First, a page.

The fiscal year saw Fund quotas rise by $1.5 billion as a result of the general quota increases which were authorized in 1965. Support of its resources continued under the General Arrangements to Borrow, which were renewed during the year. The Fund did not have recourse to these Arrangements during the year, but it is interesting to note that the Fund borrowed directly from Italy. This is the first such bilateral arrangement in Fund history. It seems to me that Italy has thereby set an example which, if adopted by other creditor countries, may prove to be of great importance for the adjustment process.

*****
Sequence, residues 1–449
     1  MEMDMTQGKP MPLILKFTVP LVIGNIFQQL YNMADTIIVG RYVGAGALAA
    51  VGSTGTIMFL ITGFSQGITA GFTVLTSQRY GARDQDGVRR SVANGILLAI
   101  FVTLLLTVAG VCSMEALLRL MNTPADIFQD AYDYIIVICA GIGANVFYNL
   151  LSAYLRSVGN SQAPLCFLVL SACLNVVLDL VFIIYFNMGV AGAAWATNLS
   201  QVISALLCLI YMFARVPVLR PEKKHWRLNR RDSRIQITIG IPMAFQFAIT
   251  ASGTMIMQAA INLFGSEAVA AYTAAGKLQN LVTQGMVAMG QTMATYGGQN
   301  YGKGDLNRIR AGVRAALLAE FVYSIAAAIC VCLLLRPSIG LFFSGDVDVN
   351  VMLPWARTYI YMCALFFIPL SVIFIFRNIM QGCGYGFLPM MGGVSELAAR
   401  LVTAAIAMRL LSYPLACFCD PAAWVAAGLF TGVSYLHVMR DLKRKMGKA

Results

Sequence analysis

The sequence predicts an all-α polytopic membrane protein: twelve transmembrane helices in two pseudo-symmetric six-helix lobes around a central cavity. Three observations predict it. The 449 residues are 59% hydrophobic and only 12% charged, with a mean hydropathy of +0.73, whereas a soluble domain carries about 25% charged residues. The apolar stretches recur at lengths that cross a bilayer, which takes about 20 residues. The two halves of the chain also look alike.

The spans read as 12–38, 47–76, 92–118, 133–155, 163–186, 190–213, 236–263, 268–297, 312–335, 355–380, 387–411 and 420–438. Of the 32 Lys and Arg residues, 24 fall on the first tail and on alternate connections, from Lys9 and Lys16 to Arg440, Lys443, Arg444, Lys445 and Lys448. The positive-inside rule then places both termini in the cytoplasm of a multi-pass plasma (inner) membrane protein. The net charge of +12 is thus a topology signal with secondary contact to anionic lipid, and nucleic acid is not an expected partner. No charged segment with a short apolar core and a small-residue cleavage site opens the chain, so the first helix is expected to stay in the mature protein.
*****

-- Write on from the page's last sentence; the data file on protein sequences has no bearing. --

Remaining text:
Another initiative—demonstrating once more the flexibility which has characterized the policies of the Fund—was the liberalization of the compensatory financing facility. Subsequent to this extension of policy have come the five compensatory drawings described in the Report, plus two later drawings, a total of four more than had occurred in the three years previously. This indicates that increased use of the facility may be anticipated, particularly during the present economic pause in the industrial world, with its expected depressant effects on the export receipts of the developing countries.